In older people, he says, the body’s cooling system – like many bodily functions – is weaker and reacts more slowly. “In addition, old people often have a different sense of thirst, which makes it more dangerous for them.” (Young) children are also more sensitive, as they have a much lower sweat production.
More and longer heat waves
The problem: Already, the number of hot days – when it gets at least 30 degrees – has almost tripled since World War 2. And due to climate change, the heat will continue to increase. “In the future, we will not only experience higher average temperatures, but also more and longer heat waves,” says Andreas Matzarakis from the Centre for Medical-Meteorological Research of the German Weather Service in Freiburg.
“Their average number will increase from three to more than five per year and they will last longer. Currently, the average duration is about five days, but it will increase to an average of over eight days by the end of the century.” All this could result in more people suffering from heat and possibly dying as a result.
“With a global warming of about three degrees by 2100, which is what most experts are assuming at the moment, heat-related mortality in our country could triple if no effective adaptation measures are implemented,” says biologist Huber. It is important to note that the mortality risk does not increase linearly, but exponentially with temperature. “The difference between 35 and 40 degrees is enormous in terms of mortality,” she says.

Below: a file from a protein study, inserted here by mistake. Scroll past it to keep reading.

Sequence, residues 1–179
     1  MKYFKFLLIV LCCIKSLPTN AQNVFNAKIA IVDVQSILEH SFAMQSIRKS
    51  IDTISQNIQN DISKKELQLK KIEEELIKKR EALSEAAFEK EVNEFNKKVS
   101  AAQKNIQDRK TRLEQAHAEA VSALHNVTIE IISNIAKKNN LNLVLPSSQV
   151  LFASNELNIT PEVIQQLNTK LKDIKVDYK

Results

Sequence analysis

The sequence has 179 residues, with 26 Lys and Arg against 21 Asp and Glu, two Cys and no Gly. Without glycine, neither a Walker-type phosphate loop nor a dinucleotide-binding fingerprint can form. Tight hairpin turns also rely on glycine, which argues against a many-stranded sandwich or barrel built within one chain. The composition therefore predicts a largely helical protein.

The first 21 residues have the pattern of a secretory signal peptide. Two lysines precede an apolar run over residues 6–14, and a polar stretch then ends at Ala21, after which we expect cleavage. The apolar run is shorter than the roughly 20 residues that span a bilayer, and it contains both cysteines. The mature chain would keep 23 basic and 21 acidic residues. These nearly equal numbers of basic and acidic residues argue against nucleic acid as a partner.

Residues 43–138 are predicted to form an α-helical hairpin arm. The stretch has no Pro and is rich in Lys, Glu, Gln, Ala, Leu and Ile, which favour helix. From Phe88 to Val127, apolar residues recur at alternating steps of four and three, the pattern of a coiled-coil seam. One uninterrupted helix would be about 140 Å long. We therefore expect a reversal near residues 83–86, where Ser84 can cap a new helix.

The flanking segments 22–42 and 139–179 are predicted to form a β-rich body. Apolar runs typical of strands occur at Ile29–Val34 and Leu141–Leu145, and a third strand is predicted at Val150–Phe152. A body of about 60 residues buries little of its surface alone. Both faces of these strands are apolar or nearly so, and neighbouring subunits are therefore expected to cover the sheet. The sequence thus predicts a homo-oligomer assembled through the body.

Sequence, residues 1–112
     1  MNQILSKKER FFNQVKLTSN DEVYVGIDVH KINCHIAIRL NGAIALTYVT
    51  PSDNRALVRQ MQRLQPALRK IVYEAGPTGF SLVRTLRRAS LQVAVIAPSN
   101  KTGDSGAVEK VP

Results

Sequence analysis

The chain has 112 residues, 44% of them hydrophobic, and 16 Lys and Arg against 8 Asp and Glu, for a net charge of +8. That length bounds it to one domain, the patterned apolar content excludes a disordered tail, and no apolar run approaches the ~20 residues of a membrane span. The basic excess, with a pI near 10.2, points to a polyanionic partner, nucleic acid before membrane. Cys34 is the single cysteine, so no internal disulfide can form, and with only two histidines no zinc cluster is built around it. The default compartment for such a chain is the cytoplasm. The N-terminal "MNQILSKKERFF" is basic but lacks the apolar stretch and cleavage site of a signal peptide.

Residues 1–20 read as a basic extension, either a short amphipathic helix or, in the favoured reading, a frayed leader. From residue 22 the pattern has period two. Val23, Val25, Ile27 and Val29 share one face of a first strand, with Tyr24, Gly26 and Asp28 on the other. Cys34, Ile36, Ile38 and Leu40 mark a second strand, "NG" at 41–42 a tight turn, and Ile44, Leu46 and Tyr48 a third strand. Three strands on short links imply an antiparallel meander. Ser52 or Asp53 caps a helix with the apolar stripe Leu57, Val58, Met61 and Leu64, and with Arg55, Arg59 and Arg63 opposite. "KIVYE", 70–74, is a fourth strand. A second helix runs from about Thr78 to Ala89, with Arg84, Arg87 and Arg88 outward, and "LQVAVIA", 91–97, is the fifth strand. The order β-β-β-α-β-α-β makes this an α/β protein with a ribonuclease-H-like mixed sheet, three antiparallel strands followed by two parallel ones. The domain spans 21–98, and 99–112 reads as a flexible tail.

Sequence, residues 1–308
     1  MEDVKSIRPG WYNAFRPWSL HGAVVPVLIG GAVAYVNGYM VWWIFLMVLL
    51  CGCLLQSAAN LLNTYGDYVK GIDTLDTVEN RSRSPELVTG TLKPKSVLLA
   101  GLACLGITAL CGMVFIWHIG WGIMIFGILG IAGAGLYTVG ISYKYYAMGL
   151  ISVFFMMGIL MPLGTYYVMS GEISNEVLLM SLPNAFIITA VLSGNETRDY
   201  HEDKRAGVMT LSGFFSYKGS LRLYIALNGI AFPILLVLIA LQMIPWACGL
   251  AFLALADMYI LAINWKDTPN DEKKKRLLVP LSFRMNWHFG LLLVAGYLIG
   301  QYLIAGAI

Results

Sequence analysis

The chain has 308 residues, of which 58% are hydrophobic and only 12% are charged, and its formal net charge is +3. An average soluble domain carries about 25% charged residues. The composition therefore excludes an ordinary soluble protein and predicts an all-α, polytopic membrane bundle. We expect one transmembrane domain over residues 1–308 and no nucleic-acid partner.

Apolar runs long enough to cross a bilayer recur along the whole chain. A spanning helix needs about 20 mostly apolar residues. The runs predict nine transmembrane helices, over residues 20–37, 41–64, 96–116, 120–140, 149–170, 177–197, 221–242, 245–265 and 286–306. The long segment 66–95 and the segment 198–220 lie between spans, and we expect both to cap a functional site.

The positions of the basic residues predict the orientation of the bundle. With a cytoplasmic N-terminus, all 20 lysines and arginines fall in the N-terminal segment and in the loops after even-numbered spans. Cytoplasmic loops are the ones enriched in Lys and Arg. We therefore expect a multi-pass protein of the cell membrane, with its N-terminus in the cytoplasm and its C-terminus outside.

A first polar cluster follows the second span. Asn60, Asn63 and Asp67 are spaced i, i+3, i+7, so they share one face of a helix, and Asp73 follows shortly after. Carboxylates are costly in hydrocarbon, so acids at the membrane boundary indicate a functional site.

Tropical regions particularly affected
As a rich country, Germany is at least in a position to take countermeasures. Many poorer countries – which are, however, sometimes particularly affected by climate change – cannot. Only recently, a study showed that the so-called climate niche is becoming smaller. A climate niche is the temperature range in which people prefer to settle due to favourable climatic conditions. By the end of the century, one third of the entire world population could live outside this niche, i.e. in particularly hot regions.
Particularly in tropical regions, the cooling limit temperatures could rise in the future and lead to serious health problems. According to studies, densely populated and agriculturally intensively used regions in South Asia are likely to be particularly affected. “If climate change continues unchecked, the river valleys there and in China could face serious problems. But also in some regions in the Middle East, temperatures could develop in such a way that they pose an unprecedented danger to the people there,” Huber explains.
Protection against heat
If it gets extremely hot again in Germany this summer, the expert advises above all to drink a lot, avoid the sun and don’t exert yourself too much. The DWD issues heat warnings for such days. These warnings also take into account the perceived temperature: In addition to temperature, humidity, wind strength and other parameters are also taken into account. Because how hot and dangerous it is for people does not depend on the thermometer alone.